Friday, November 23, 2018

New testing system provides early warning of toxic algae blooms

            When a large bloom of harmful algae appeared in lower Narragansett Bay in October 2016 – and again in early 2017 -- the state’s testing methods were not refined enough to detect it before the toxins produced by the algae had contaminated local shellfish. That scenario is not likely to happen in the future, now that the Rhode Island Department of Health’s laboratories have acquired new instrumentation and analytical tests to detect the toxins early and to determine when they have dissipated enough so shellfish harvesting may resume.
            “It’s an improved early warning system so we don’t have to worry about future problems with harmful algae blooms,” said Henry Leibovitz, the chief environmental laboratory scientist at the Department of Health. “We’re trying to safeguard public health, safeguard our shellfish economy, and safeguard the state’s shellfish reputation.”
            The new testing system was approved in September by the Food and Drug Administration’s National Shellfish Sanitation Program, which regulates the interstate sale of shellfish.
            The 2016 and 2017 blooms, which Leibovitz said were the first harmful algae blooms to occur in Narragansett Bay, forced the closure of parts of the bay to shellfishing and required that some previously-harvested shellfish be removed from the market. It was caused by the
Pseudo-nitzschia (Rozalind Jester)
phytoplankton Pseudo-nitzschia, which, when concentrated in large numbers, can produce enough of the biotoxin domoic acid to contaminate shellfish and cause those who eat the shellfish to contract amnesic shellfish poisoning.
            Another kind of plankton, Alexandrium, produces a biotoxin that can cause paralytic shellfish poisoning. Both Pseudo-nitzschia and Alexandrium occur in Rhode Island waters year-round, but they are only harmful when concentrations are high and the toxins they produce reach 20 parts per million.
            According to Leibovitz, the state’s previous testing system was “a primitive screening test” somewhat like a pregnancy test – it could determine whether the toxins had reached the limit, but not how far over or below that threshold they were. And it was not sensitive enough to detect the lower concentrations of the toxins that would signal that the bloom had dissipated and shellfish harvesting could begin again. To reopen shellfish beds to harvest, the state had to send water and shellfish samples to a private laboratory in Maine, the only lab in the country capable of conducting the test at the time.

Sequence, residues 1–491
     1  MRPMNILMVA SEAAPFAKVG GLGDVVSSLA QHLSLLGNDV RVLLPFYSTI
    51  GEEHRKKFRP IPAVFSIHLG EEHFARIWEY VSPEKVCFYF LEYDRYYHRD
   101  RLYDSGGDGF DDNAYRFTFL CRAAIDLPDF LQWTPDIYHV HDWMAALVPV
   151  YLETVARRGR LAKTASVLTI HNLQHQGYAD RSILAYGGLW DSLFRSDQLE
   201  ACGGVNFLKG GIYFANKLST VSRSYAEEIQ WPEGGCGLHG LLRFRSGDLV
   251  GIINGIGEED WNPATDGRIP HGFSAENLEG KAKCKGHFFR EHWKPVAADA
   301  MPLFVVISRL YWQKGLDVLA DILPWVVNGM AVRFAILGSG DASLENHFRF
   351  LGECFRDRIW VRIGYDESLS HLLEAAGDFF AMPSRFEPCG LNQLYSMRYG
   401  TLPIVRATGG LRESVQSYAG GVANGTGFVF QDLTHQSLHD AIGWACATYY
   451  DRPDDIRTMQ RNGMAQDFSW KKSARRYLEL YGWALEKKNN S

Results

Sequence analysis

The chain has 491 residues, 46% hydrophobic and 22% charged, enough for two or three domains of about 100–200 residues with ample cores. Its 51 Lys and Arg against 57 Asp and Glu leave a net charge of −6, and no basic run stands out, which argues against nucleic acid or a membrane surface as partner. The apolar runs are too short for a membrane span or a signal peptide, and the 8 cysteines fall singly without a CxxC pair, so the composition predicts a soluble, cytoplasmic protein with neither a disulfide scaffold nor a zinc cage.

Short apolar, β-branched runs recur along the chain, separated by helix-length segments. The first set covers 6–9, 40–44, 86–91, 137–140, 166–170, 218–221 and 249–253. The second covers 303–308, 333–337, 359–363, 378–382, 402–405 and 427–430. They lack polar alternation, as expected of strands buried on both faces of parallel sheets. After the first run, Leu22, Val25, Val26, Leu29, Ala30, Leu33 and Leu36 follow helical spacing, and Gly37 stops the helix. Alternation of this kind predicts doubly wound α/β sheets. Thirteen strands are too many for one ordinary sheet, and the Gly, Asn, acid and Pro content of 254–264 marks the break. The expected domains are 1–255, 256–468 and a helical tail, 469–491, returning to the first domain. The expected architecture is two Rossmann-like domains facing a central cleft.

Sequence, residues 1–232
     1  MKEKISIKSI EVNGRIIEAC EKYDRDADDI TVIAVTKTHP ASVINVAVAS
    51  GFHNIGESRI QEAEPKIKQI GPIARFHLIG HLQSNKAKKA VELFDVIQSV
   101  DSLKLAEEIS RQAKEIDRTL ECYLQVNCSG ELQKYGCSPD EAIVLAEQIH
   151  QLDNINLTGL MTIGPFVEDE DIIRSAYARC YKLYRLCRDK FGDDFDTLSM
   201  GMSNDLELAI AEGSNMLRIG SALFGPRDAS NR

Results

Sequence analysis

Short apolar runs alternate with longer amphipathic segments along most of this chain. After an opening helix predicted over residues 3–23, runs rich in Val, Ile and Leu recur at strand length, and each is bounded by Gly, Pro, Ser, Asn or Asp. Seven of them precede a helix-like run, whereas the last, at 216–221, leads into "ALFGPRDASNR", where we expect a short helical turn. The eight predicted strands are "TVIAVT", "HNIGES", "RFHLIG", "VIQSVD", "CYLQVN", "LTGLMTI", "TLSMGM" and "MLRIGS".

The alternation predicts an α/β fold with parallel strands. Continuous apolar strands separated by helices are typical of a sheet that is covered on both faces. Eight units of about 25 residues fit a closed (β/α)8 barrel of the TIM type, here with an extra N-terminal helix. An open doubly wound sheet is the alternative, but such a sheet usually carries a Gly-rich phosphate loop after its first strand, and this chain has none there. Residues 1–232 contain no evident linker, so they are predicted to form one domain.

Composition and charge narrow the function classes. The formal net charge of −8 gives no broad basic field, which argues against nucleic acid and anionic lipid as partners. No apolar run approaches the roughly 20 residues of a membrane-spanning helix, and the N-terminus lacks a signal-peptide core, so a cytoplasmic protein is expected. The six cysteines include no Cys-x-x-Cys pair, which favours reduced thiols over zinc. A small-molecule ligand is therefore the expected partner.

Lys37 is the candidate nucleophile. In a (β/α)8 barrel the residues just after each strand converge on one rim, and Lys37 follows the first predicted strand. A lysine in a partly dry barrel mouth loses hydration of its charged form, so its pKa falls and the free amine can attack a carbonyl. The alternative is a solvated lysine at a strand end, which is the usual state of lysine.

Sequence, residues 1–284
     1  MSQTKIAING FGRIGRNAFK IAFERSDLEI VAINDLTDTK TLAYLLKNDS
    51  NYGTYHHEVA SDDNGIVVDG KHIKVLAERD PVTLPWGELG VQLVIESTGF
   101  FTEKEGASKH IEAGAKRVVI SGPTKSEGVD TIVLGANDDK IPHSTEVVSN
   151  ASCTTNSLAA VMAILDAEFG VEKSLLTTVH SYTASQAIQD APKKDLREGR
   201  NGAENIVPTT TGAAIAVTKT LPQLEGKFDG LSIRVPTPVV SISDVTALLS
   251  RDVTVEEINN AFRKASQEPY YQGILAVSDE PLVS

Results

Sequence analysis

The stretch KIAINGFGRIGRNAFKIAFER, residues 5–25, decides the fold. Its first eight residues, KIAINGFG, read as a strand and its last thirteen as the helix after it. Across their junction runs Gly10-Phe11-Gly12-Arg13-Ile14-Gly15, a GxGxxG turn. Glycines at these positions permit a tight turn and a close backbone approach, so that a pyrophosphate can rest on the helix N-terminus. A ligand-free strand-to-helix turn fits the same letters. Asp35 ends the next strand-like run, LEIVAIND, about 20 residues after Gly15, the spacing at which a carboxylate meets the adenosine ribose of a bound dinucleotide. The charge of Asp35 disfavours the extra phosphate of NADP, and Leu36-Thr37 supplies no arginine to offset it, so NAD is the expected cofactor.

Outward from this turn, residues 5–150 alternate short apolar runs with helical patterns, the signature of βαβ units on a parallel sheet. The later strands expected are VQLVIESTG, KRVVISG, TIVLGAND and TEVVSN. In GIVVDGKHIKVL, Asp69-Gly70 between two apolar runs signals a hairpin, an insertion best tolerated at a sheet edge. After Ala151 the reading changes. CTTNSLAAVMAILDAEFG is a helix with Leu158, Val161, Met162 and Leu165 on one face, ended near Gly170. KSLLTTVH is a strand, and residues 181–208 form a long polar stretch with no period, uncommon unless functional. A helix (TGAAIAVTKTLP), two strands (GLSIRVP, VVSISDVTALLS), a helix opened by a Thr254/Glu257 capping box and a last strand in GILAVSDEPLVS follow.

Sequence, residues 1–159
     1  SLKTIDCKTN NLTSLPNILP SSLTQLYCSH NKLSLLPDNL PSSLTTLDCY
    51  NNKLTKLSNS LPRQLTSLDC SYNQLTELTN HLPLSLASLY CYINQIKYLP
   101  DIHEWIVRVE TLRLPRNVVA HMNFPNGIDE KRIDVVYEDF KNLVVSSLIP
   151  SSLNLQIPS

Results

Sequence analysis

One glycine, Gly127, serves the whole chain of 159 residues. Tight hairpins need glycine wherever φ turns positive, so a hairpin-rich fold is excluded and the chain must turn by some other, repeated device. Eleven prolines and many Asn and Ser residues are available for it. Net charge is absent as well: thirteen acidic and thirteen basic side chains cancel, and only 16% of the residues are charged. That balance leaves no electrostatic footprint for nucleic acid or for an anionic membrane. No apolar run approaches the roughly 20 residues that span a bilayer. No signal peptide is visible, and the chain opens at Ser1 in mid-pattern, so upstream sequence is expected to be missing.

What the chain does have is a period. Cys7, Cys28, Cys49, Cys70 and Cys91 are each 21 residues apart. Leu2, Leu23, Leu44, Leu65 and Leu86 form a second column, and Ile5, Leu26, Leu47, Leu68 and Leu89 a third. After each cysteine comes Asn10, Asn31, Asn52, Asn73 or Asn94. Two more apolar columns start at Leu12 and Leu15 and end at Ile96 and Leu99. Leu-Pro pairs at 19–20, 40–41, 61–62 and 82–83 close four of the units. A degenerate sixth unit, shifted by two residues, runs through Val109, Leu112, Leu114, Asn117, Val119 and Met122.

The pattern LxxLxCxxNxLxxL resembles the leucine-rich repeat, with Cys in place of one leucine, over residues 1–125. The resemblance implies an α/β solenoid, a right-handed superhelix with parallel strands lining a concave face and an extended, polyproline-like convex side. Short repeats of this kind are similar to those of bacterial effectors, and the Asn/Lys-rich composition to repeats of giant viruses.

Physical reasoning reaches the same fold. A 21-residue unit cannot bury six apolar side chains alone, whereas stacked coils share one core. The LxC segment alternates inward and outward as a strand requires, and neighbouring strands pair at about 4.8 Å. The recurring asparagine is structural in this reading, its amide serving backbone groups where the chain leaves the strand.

Now that Rhode Island has an FDA-approved lab, it is offering its services to nearby states.
            The state's Harmful Algae Bloom and Shellfish Biotoxin Monitoring and Contingency Plan directs the Rhode Island Department of Environmental Management to collect weekly water samples from areas of the bay where shellfish are harvested. The samples are tested in the Department of Health lab. If large numbers of harmful algae species are found, the plankton are tested to determine the concentration of toxins they are producing. If toxin concentrations are high, shellfish are then tested and a decision is made whether to close particular areas to harvesting.
            The problem of harmful algae blooms has been an annual concern along the coast of Maine for many years, and scientists speculate that it could be a more frequent problem in southern New England in coming years, too.